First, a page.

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Column: Bloomberg's approach to smoking is working in New York – it could here too

New York’s Mayor Bloomberg intends raising the legal smoking age from 18 to 21 – and he’s right. This is the generation which can be protected from Big Tobacco, writes Kathleen O’Meara.

Kathleen O'Meara

HEARING THE NEWS report that New York’s Mayor Bloomberg intends raising the legal smoking age from 18 to 21, I couldn’t help noting that he was described as “an anti-smoking crusader”. It’s a suitable moniker. The Mayor’s zeal when it comes to the health of the citizens of New York is unmatched stateside.

And he is getting results. Since Bloomberg was first elected Mayor in 2002, the smoking rate in New York has dropped from 22 per cent to 14 per cent, the biggest decline in the United States and lower than many European states, including our own. That’s impressive. It’s due to a range of initiatives, like mass media campaigns for instance, and health warnings on packs.

In reality what it means is that fewer people are smoking, and fewer young people are starting to smoke. This means fewer deaths from smoking. More people are alive in New York today because of what Mayor Bloomberg is doing. There is less cancer and less heart disease.

Bloomberg believes, as we do, that it is possible to aim for a generation that doesn’t smoke. We share that ambition, as does the Irish Government, which recently published a strategy entitled “Tobacco Free Ireland”. There’s a range of tools that have been proven to work in other countries that have been used to discourage children from smoking – whether it’s by raising the legal smoking age to 21 or by introducing plain packaging which will rob the industry of its most powerful tool – branding.


It’s interesting to notice the pushback against the campaigning zeal of Mayor Bloomberg, that he is “prohibitionist”, recalling an era in the United States when alcohol was prohibited and associating his campaign with state repression and killing off choice. This is the language used by the lobbyists funded by Big Tobacco.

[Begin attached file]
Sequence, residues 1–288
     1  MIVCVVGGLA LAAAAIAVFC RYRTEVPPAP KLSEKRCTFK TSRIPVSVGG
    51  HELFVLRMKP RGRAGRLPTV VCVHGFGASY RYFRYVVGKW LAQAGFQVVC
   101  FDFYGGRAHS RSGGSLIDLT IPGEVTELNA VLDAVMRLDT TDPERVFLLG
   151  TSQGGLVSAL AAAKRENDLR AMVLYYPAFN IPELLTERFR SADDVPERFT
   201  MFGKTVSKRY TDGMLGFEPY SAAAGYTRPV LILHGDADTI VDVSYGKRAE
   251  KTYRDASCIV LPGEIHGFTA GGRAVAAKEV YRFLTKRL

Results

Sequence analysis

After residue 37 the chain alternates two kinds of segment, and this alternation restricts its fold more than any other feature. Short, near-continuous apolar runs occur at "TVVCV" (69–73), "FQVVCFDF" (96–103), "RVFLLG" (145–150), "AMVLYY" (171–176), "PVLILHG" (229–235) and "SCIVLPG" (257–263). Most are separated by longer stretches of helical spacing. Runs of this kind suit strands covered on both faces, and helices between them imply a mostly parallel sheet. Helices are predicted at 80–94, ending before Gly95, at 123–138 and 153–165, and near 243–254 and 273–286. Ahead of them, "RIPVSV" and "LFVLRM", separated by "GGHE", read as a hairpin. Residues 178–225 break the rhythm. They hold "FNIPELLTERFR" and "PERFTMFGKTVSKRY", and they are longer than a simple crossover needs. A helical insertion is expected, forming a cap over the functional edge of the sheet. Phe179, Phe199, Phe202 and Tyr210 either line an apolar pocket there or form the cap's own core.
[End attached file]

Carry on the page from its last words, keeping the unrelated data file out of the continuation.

We are beginning to hear the same language used on this side of the Atlantic too, especially from groups like the Institute of Economic Affairs, a think-tank reportedly funded by the tobacco industry which recently held a meeting in Dublin as part of a massively-funded campaign which it is rolling out in an attempt to prevent the Irish Government introducing plain or standardised cigarette packaging.

In no way are the efforts used to reduce the number of people who smoke ‘prohibitionist’. The fact is that these strategies are working. Fewer people in Ireland are smoking than ever before (22 per cent of people smoked in 2012 compared to 27 per cent of people in 2009) and they’re not switching to illegal cigarettes (the Revenue Commissioners reported in its 2012 Annual Report that in just one year, there has been a drop from 15 per cent to 13 per cent in the amount of smuggled tobacco being consumed). But the tobacco industry and its front groups are trying desperately to claim that strategies that are protecting children and young people from the tactics of the tobacco industry are prohibitionist.

People are giving up

What they are actually concerned about is that the smoking rate is falling because people are giving up. There is no evidence to show that people are switching to black market cigarettes, despite the false figures put out by the tobacco industry.

In Ireland, the rate of smoking among children, while dropping, is still high by European standards and 78 per cent of smokers say they started before they are 18. Children need to be protected from the marketing tactics of the tobacco industry and we in the Irish Cancer Society believe that the Government’s plan to remove cigarette branding, colour and logos from packs will rob the industry of a powerful marketing tool and in the process protect children.

If you haven’t already, have a look at this video of children and their reaction to cigarette packaging, both branded and not.

Uploaded by Irish Cancer Society

This is the generation which can be protected from Big Tobacco. This could be the generation free from smoking.

Kathleen O’Meara is Head of Advocacy and Communications at the Irish Cancer Society. More information about cancer and the Irish Cancer Society’s campaigns is available at

Read: New York bans sale of cigarettes to under 21s

Watch: ‘Why do they make smokes anyway?’: Tallaght schoolchildren have their say on new cigarette packaging

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